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Old 07-19-2005, 01:55 AM   #1
figfighter
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Registered: Jun 2005
Distribution: Mandriva LE 2005
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how do i view my hard drives


just installed madrake... where can i simply see my hrad drives and partitions. i know i can see them under the cinfigure BS icon, but i want something like windows. you click on my computer or home and THERE THEY ARE!
 
Old 07-19-2005, 02:17 AM   #2
aysiu
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Use Knoppix or Mepis.
 
Old 07-19-2005, 02:30 AM   #3
figfighter
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okay... i've run a live CD of knoppix and greeeeeeeeeeeeat for a live distro, BUT.... i actually installed mandriva with the hopes of switching from linux.

i want to see my hard drives! is that too much to ask.

the problem with all the distros i've tried is that it can't seem to all come in ONE package! i like THIS with knoppix, THAT with suse, THAT with xandros. and these things i like aren't SMALL THINGS!! why can't someone put it all together already! be the next Bill GATES!!
 
Old 07-19-2005, 04:55 AM   #4
ethics
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Most things work whatever distro you use, just some come with it pre-working, pick a distro that has most of what you want then look into makign the rest work with it.

If you edit your fstab file to mount all your partitions into directories in /mnt then going into the mnt directory will be like my computer.
 
Old 07-19-2005, 09:42 AM   #5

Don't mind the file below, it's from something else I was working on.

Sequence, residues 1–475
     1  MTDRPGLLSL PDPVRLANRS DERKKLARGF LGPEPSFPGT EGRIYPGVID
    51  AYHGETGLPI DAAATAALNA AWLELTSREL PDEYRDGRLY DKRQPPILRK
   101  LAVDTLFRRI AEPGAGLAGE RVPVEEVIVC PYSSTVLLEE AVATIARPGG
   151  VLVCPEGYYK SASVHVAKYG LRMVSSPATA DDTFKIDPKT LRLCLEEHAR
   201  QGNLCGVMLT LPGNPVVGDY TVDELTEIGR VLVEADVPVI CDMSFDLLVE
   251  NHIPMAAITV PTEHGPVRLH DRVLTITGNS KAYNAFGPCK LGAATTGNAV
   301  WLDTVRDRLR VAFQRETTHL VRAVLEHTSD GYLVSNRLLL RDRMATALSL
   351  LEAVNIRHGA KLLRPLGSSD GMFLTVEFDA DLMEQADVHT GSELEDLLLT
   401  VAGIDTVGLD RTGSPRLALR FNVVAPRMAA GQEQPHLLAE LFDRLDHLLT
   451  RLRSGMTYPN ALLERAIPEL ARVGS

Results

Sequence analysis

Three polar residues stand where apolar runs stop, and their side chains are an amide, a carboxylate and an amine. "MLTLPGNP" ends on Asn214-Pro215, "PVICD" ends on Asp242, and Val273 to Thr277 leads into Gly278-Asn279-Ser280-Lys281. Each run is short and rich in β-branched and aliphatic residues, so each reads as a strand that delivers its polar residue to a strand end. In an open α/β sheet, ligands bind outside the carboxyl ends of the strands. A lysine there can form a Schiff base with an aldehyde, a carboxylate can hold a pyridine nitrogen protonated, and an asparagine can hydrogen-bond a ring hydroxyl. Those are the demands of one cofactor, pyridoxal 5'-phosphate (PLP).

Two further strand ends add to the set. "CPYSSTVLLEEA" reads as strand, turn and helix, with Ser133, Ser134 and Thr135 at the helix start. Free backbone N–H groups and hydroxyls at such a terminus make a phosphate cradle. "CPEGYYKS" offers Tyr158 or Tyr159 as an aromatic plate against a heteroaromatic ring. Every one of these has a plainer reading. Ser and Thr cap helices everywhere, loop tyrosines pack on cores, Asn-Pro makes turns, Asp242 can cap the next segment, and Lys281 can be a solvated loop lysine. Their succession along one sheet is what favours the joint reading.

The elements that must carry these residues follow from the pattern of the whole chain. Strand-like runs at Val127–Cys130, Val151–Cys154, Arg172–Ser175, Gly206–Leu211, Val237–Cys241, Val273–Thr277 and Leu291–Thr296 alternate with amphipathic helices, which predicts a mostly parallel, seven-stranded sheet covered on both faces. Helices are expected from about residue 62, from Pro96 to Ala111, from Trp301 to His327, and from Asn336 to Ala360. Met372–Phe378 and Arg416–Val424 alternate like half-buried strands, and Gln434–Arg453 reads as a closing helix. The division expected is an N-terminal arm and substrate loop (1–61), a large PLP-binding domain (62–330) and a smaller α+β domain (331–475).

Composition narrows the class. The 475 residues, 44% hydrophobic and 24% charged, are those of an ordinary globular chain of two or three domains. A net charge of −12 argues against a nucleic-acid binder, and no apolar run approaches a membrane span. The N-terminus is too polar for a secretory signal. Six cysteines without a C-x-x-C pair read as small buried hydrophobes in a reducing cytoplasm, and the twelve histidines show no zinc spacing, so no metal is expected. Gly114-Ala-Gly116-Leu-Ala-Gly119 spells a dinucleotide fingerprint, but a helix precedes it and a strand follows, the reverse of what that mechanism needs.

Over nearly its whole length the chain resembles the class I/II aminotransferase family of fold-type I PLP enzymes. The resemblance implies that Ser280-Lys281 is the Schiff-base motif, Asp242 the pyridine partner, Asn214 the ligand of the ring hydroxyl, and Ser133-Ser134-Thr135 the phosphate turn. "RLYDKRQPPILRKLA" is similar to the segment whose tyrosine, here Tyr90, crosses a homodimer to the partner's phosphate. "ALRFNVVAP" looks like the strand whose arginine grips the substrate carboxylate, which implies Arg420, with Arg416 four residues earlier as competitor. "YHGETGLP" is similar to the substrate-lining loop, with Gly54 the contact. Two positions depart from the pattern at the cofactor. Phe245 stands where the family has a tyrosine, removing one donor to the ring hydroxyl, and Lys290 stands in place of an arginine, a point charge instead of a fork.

billyc
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Registered: Jan 2005
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Have you tried KDiskFree / KwikDisk it shows and mounts even windows partitions so you can watch your movies and play mp3s in linux, from windows.
It should be in your Mandrake.
Billyc
 
Old 07-19-2005, 11:10 AM   #6
reddazz
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Is there a mediaor storage icon on your desktop? I am sure, just clicking on the media or storage icon should list all removeable drives and your hard drives.
 
Old 07-20-2005, 09:26 PM   #7
figfighter
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kdiskfree kwikdisc

where in Mandrake are these?
 
Old 07-20-2005, 11:42 PM   #8
reddazz
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If you are using KDE, they should be icons on your desktop called "media" and "storage".
 
Old 07-21-2005, 07:35 AM   #9
billyc
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Go to Start Applications,System,Monitoring,Kwickdisk and Kwickdiskfree should be in there click on either if you click on Kwickdisk it will put a icon on bottom bar where you can access Kwickdiskfree from bottom bar.

If it is not there you may have to install it.

If you have to install anything go to http://easyurpmi.zarb.org/ and read page so you understand it then follow steps and you should have no problem.
If you have problem post again.
Billyc
 
Old 07-21-2005, 10:14 AM   #10
AndeAnderson
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Not the same as Windows